Is dog racing, like Mick the Miller, now a museum
piece? The news that Walthamstow greyhound stadium is to close on August 16 was
no great shock to anyone "in the know" (as all dog-racing people strive to be).
The track had made losses over the past three years, including last year of
£500,000, and in the end it was simple financial sense to sell the land
to residential developers.
Mick the Miller
Walthamstow has lived for
75 years, which isn't so bad in a radically changed world. It was the creation
of a Hoxton-born bookmaker, William Chandler, who sold his shares in Hackney
(the track whose land is now part of the 2012 Olympic site) in order to buy,
for £24,000, an unlicensed dog track in Chingford. This was in 1933,
seven years after the first ever dog meeting, during which time annual
attendances had grown to upwards of 20 million and tracks were springing up all
over Britain's cities. Dog racing was at its height, watched by working men and
aristocrats and celebrities like Amy Johnson and Gracie Fields; the invincible
Mick the Miller was coming to the end of his career, his stellar qualities
having given to the sport an identity, a name, an emotional focus.
was the world into which Walthamstow was born. It is a world that hasn't
existed for 50 years, when the slow decline began. The low point was reached in
1984, when the jewel in the sport's crown, White City, was sold, the value of
its land being greater than could be generated by the stadium; now, the same
fate has befallen Walthamstow. The loss of White City was made more bearable
because the Stow glittered on, seemingly indestructible.
Walthamstow is the latest of 20 dog tracks to shut
in the UK over the past decade. When it closes on August 16, Wimbledon will be
the only stadium left in London.
Terry Jones, a semi-professional
punter who watches dog racing for hours each day and regularly wagers up to
£1,000 on a race, speaks for many of those attending last Thursday's
Walthamstow meeting. "This is the biggest pub in the country on a Saturday
night. The closure is going to kill the community," he says.
is estimated by the British Greyhound Racing Board (BGRB) to be a £2.5bn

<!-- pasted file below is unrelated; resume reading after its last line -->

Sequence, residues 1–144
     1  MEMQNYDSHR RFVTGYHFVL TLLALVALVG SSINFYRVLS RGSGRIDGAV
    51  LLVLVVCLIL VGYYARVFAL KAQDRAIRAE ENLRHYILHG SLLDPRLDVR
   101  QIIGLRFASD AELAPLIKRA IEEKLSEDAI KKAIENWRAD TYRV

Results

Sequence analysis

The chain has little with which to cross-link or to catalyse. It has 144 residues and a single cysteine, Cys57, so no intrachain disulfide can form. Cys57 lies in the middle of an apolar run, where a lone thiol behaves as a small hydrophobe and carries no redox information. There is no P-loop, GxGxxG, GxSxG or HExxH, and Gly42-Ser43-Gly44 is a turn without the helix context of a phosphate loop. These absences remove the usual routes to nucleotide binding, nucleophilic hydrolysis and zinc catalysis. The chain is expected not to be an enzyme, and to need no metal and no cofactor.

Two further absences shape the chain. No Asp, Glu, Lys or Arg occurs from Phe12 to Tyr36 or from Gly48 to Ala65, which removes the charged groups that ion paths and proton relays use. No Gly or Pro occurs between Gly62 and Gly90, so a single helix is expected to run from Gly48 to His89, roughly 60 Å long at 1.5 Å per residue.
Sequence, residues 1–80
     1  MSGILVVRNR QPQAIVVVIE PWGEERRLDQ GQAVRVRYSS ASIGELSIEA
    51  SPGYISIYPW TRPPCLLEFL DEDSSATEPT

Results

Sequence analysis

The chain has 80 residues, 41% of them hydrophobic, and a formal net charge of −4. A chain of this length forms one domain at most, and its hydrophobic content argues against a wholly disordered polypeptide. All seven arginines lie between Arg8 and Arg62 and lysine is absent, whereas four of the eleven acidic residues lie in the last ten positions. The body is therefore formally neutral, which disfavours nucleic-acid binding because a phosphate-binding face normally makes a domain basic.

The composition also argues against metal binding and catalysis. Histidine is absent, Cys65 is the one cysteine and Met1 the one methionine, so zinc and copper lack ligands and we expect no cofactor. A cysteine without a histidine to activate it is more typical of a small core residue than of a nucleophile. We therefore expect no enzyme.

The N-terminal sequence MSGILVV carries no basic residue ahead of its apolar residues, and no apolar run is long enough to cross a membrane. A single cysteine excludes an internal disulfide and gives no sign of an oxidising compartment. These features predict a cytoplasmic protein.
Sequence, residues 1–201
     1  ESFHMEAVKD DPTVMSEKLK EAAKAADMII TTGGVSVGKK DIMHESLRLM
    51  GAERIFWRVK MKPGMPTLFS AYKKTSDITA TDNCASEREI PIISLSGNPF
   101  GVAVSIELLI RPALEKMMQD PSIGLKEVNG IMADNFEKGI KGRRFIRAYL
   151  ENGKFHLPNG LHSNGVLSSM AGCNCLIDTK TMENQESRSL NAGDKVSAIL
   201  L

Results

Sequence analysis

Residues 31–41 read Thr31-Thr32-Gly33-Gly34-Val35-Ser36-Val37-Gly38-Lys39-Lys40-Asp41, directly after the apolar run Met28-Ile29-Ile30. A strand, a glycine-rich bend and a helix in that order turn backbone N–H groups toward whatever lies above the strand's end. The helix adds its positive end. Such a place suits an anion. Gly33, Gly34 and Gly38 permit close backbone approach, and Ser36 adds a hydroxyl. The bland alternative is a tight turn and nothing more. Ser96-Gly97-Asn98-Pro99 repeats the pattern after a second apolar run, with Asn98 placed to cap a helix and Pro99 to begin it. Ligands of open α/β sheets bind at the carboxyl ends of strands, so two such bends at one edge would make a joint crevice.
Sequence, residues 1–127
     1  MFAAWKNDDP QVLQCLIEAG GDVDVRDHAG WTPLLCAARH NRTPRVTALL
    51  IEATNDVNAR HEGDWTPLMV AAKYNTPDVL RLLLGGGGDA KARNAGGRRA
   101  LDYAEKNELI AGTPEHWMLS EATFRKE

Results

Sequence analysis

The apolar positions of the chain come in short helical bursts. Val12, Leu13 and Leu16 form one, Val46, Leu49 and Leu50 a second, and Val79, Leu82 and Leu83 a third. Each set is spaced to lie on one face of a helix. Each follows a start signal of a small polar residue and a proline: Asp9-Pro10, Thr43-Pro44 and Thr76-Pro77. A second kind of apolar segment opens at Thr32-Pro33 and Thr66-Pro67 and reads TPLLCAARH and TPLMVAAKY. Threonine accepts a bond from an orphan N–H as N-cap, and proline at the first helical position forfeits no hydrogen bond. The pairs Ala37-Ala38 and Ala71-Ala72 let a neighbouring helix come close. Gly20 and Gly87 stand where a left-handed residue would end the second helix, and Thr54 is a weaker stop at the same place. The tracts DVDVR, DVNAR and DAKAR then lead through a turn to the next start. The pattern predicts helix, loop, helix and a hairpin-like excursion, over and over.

betting industry in the UK, but it has become increasingly difficult for track
owners, bookies and dog trainers to make a living. Walthamstow - seen as the
sport's iconic centrepiece - regularly used to pull in 15,000 people; now it is
lucky to see a 10th of that number.
The reasons for its demise are
numerous. The stadium is too small to diversify into other leisure activities,
but its capacity means it has to employ more staff than the size of the
The biggest challenge, however, was the abolition of
general betting duty in 2001, which allowed punters to gamble away from the
course without paying tax. Further developments in the gaming market have also
hit the stadium. "The betting shops have been allowed to remain open during the
evenings and there has been a massive upswing in business for Betfair and other
internet sites," says Chandler.
The turnover from the Tote - the
government-owned bookmaker - underlines the difficulties. In 2000 the Tote's
turnover at Walthamstow was £13.3m; last year it was £8.7m. Bookies
are making record amounts from greyhound betting off-track, but the money is
not coming to the stadia.
A further blow is the lack of a levy. While
bookies are obliged to pay 10pc of their gross profits from horse racing back
to the sport, greyhound racing has a voluntary levy scheme of 0.6pc. Last year
that yielded just £11.5m.
Despite the challenges, Richard
Hayler, the general secretary of the BGRB, is adamant that the UK's 30
remaining dog tracks can survive. He claims that while attendances are falling
- down from 3.52m in 2005 to 3.32m in 2006 - the sport is not in terminal
"Greyhound racing has suffered a difficult few years, but not
out of line with other businesses in the leisure sector," he says. "The
'regulars' - the bread-and-butter greyhound-racegoers - are just not turning up
in the numbers they once did."
Many of the tracks are making an
effort. Five tracks across the country have approached the British Greyhound
Racing Fund for part-assistance towards six-figure refurbishment projects
during the past 12 months.
Risk Capital Partners, the investment
vehicle of Luke Johnson, the Channel 4 chairman, owns Wimbledon and five other
tracks through the Greyhound Racing Association, bought for £50m in 2005.
The group has set up a betting function on its website to allow punters to bet
from home and support the tracks.
The BGRB claims that 11 out of 15 of
the stadia to have reported attendances in April have seen an increase against
the same period a year earlier. Hayler is adamant that the future is bright.
"The potential for greyhound racing to grow is undoubted, although the closure
of Walthamstow is unlikely to be the last bump along the road to get there," he